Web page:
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The Gendering Effects of Sweden's Gender-neutral Care Leave Policy

The Gendering Effects of Sweden's Gender-neutral Care Leave Policy Abstract: The current gender-neutral care leave for care of sick children program in Sweden provides parents with a substantial number of publicly paid days per year. These are used when parents have to be absent from work to care for a sick child who cannot attend public childcare. Although gender neutral from the start, women still take the majority of days. We investigate whether the existing policy design plays a role in the division of leave. We study the income cap in the program using individual-level register data for the years 2005 and 2006. We show that there seems to be a clear effect of the income cap on the division of leave: if only one partner has an income below the cap, he/she uses the majority of days. However, analyses of a policy change that raised the cap reveal no effect on the division of leave. http://www.deepdyve.com/assets/images/DeepDyve-Logo-lg.png Population Review Sociological Demography Press

The Gendering Effects of Sweden's Gender-neutral Care Leave Policy

Population Review , Volume 50 (1) – Jan 1, 2011

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Publisher
Sociological Demography Press
Copyright
Copyright © Sociological Demography Press
ISSN
1549-0955
Publisher site
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Abstract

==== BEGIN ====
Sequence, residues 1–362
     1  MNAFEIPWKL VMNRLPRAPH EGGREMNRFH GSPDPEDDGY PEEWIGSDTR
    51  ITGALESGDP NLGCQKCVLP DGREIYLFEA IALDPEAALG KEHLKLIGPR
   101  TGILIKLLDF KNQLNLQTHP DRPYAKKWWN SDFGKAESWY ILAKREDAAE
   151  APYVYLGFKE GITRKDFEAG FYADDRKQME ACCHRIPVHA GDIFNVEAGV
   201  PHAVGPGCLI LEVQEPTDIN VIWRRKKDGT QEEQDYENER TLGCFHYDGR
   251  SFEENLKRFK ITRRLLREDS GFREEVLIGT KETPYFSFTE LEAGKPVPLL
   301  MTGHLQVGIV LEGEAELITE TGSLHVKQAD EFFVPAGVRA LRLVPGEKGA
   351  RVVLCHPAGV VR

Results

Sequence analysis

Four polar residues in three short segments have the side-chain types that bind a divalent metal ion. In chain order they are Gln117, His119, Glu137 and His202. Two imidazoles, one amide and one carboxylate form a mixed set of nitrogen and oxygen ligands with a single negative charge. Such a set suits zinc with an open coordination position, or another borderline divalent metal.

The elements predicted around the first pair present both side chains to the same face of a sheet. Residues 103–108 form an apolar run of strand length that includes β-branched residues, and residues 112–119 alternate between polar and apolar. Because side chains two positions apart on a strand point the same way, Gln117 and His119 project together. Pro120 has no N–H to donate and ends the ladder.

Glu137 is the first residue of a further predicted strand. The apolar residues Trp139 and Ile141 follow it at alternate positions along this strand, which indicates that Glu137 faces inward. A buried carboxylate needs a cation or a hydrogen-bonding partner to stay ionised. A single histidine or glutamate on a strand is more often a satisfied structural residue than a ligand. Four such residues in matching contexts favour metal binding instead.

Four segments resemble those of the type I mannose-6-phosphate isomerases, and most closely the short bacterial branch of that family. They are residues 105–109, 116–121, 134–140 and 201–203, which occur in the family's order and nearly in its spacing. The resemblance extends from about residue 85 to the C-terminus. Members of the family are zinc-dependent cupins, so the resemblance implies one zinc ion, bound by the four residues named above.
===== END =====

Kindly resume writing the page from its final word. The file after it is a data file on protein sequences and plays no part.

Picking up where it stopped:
Abstract: The current gender-neutral care leave for care of sick children program in Sweden provides parents with a substantial number of publicly paid days per year. These are used when parents have to be absent from work to care for a sick child who cannot attend public childcare. Although gender neutral from the start, women still take the majority of days. We investigate whether the existing policy design plays a role in the division of leave. We study the income cap in the program using individual-level register data for the years 2005 and 2006. We show that there seems to be a clear effect of the income cap on the division of leave: if only one partner has an income below the cap, he/she uses the majority of days. However, analyses of a policy change that raised the cap reveal no effect on the division of leave.

Journal

Population ReviewSociological Demography Press

Published: Jan 1, 2011

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